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Educational Feature: Physics in Mass Market Games

In the latest feature for GameCareerGuide.com, students from McMaster University examine a brief history of physics in video games, from its earliest uses in classic arc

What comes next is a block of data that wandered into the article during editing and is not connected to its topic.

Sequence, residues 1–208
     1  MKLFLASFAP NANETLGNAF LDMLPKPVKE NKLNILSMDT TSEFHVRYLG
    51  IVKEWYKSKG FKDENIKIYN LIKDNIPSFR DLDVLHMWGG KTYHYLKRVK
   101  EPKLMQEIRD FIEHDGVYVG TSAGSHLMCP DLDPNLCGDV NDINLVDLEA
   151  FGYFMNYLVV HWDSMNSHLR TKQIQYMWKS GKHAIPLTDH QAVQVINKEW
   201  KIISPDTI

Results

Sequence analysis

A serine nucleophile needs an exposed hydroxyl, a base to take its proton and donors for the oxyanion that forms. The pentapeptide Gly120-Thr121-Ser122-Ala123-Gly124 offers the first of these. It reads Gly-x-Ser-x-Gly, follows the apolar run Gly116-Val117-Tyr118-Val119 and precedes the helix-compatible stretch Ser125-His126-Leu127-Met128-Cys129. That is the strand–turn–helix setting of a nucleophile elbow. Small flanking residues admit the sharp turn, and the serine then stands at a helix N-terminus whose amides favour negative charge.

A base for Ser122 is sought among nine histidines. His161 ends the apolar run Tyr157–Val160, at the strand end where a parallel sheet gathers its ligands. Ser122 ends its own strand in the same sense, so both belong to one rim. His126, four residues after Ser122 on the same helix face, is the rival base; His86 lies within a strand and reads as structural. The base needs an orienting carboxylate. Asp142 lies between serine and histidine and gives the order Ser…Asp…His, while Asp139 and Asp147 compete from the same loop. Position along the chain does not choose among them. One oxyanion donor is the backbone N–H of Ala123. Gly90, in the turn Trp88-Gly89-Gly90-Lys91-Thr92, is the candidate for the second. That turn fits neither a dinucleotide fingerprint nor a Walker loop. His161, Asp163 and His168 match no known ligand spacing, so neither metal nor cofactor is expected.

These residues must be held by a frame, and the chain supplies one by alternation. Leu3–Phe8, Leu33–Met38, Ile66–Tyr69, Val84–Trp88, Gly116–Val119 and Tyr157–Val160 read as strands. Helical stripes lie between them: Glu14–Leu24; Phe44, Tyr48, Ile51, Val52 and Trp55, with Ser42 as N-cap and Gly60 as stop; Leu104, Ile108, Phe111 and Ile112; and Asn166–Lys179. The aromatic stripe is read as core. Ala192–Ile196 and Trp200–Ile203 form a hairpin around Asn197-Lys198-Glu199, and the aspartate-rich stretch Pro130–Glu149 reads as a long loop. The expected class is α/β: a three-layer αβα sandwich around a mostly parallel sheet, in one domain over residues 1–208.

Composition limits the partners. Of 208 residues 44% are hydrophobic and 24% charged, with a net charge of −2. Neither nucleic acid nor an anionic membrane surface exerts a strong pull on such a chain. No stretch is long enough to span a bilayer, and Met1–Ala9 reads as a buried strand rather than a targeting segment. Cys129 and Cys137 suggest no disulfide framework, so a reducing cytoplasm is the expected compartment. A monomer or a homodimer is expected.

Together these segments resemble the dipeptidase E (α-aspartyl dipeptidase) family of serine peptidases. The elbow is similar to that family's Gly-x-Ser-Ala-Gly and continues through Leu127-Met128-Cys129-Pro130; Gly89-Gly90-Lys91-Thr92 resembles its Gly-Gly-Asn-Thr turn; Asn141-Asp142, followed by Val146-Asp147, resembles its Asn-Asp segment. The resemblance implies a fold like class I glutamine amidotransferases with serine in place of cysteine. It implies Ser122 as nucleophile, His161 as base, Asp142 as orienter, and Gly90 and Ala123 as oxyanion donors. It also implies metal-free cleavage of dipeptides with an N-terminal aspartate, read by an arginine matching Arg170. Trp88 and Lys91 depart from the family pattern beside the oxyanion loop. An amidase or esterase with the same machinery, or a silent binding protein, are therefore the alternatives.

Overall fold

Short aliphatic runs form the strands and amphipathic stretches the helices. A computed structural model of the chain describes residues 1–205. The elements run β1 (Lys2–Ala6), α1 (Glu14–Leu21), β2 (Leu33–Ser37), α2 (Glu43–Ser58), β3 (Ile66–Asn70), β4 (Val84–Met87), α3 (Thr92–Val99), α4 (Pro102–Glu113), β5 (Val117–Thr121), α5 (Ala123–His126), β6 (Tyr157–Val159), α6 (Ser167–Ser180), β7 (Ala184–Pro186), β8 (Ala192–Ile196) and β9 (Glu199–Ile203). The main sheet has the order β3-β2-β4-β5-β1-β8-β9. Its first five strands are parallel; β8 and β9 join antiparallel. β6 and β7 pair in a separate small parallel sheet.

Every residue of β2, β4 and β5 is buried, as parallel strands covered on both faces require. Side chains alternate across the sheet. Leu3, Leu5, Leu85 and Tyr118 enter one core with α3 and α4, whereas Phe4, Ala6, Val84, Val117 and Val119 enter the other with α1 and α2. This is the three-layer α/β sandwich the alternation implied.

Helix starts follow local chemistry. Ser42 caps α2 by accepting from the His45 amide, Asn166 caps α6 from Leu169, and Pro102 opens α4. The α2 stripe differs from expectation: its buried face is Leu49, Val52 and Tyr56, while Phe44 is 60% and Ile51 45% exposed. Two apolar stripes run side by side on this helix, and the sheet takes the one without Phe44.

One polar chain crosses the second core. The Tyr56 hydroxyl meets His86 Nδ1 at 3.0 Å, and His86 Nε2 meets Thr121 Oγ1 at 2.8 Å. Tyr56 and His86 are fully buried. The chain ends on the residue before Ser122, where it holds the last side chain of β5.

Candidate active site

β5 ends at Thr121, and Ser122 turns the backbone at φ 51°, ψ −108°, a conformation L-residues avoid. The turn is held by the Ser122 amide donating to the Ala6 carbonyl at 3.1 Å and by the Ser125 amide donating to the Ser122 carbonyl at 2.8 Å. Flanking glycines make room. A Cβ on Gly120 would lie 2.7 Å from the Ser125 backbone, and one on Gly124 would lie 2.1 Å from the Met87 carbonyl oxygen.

Students of game development need to know a little history, lest they be doomed to repeat it. GameCareerGuide.com has just posted a new article with a brief history of physics in video games, from classic arcade games to Grand Theft Auto IV, which uses a new technology. Two students, Jacob Karsemeyer and Calen Henry from McMaster University, take a trip down memory lane to look at how video game physics have changed over the years, and peer into the future by examining some new technologies, too. They contend that physics is an integral part of creating an immersive experience, and they look at how different games did this or failed at it over the years, with various levels of technology at work. For example, they consider the different physics that were used in Donkey Kong versus Super Mario Bros.: “Physics were still very primitive when [Donkey Kong] was released. Jumpman climbed ladders and hopped over barrels, but these actions were applied in an effective and inviting way that kept players coming back. To this day, Donkey Kong has one of the most competitive player communities, as noted in the film The King of Kong: A Fistful of Quarters. Nintendo capitalized on the popularity of the jumping technique, releasing a series of subsequent games that used the same mechanic. Donkey Kong was a huge success. Nintendo’s next step was to invest the money it had earned from its successful arcade machines to create a video game console intended the home -- the Nintendo Entertainment System (NES) in North America and the Family Computer (Famicom) in Japan. Super Mario Bros., which shipped with the system, featured another jumping character, only now he was named Mario and was a plumber instead of a carpenter. Friction and momentum were added to the physics in Super Mario Bros., which gave the game a more realistic feel. If Mario is running quickly before he jumps, he travels farther than if he was walking before the jump. And he slowly slides to a halt depending on how fast he was running. Using software to emulate real world physics made the game more intuitive. These basic additions to the jump and dodge mechanic brought platforming to a new level and was used in countless subsequent games. Soon all of Mario’s competitors -- Sonic the Hedgehog, the Ninja Turtles -- were slipping and sliding around with realistic momentum. Super Mario Bros. went on to be far more successful than any of the previous Nintendo games and has sold more copies than any other Mario game (gamecubicle.com).” You can read the complete article, which looks at more modern games and physics engines too, on GameCareerGuide.com.

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